Wednesday, August 22, 2007

Three New Reviews

No pictures for these because frankly, they aren't interesting enough. Well, maybe THEY CAME FROM BELOW. I liked that one and it might be a summer reading pick for next year. Okay, I will post a picture. But not the other two. If you want to see them, come to the library and take them out. I wrote these reviews for the NMRLS book review blog so they are a little more detailed than I usually write here. Which is to say still significantly less detailed than a real book review!

Emma and Reese are two teenage girls summering on Cape Cod. They are interested in tanning, partying and meeting guys. They meet two somewhat odd language students who are not at all what they seem to be. Add some cute Australians, an undersea nuclear explosion, a not-very-mad scientist dad and some gung-ho intelligence agents and you have a fun summer read that gives you something to think about.

The book starts out with a news report about a nuclear accident and quickly jumps into a standard bored-girl-looking-for-summer-romance style story. Just when it seems like the main characters couldn't get any more clich├ęd, in come Steve and Dave, the strange foreign young men, to save the day. They are movie star handsome and can speak every language they hear. They need to be taught to eat and they seem to be able to bring people back from the dead. But surely that doesn't make them dangerous?

There is fun and excitement to be had in THEY CAME FROM BELOW and a feel of 1950's sci-fi paranoia mixed with 21st century environmental awareness.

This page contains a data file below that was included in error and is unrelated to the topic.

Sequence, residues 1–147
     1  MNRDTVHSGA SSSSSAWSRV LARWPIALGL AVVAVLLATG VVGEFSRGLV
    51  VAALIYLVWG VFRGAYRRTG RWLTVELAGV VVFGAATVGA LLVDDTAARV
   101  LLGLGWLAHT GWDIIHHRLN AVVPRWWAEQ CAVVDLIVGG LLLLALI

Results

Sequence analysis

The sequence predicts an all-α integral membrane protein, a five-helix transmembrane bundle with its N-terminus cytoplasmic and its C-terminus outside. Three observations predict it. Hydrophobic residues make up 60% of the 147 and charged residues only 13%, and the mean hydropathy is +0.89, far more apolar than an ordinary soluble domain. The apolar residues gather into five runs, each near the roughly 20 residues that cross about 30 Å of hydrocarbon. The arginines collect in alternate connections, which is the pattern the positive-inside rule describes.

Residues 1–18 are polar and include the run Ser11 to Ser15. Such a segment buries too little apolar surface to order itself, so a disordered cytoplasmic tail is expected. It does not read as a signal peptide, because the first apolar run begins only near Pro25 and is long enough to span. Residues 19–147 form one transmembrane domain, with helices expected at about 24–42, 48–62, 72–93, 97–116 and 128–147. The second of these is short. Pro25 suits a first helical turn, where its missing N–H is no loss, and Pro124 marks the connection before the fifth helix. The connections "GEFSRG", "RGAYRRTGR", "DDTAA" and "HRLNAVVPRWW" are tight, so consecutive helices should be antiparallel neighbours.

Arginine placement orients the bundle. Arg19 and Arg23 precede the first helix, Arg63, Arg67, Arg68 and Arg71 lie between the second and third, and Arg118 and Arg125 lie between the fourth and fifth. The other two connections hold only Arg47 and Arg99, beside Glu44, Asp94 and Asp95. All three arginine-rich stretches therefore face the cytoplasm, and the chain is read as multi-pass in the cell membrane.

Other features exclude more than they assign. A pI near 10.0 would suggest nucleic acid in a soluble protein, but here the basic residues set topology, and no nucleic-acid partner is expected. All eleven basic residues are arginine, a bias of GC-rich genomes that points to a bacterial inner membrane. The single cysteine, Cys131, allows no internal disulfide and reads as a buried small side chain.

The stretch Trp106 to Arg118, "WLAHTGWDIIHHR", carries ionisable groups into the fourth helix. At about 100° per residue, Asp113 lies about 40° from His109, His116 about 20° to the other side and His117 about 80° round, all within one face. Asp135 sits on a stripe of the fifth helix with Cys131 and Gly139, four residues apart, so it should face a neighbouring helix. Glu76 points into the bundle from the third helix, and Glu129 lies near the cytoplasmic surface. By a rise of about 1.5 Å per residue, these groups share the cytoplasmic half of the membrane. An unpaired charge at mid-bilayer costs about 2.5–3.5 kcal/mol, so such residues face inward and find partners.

THE EVERY BOY by Dana Adam Shapiro

If Amy Sedaris and Tom Perrotta are willing to write jacket blurbs for a book, it had better be good. THE EVERY BOY started out disappointing. Described as "Salingeresque" it seemed, at first to embody the worst of navel-gazing teen-boy sensitivity. The story seems too quirky and Shapiro tries too hard to make the reader aware that Henry Every is anything but normal. But after awhile the book (and Henry's voice) becomes more palatable. Eventually, you even begin to care.

The book revolves around Henry's parents dealing with his death with the help of his journal. Knowing that Henry dies at the end may leave the reader not wanting to get too attached. Fifty pages from the end, you may find yourself hoping that there will be a twisty "it was all a dream" ending because Henry does grow on you.

This is a dark little book where girls are untrustworthy at best and boys had better get their affairs in order because they are not long for this world. But the details in the descriptions of secondary characters and the charm of Henry keep it buoyant to the end.


Two boys from Miss Pitchell's third grade class in 1928 Cincinatti, Ohio grew up to be World War II pilots. John Leahr was one of the famed "Tuskegee Airmen" African-American pilots who flew for the United States even as they were being systematically oppressed. Herb Heilbrun flew bombers over Europe completing 35 successful missions. The parallel stories of these two men are told in BLACK AND WHITE AIRMEN: THEIR TRUE HISTORY.

Full of photographs and primary sources, this book is a fascinating look at the different wartime experiences of military men in the segregated armed services. Leahr and Heilbrun became friends later in life and currently speak to students about their experiences. Fleischman details their childhoods, education, service records and their lives after the war. The narrative is exciting with many details that will keep any reader with the slightest interest in flying, history or wartime interested.

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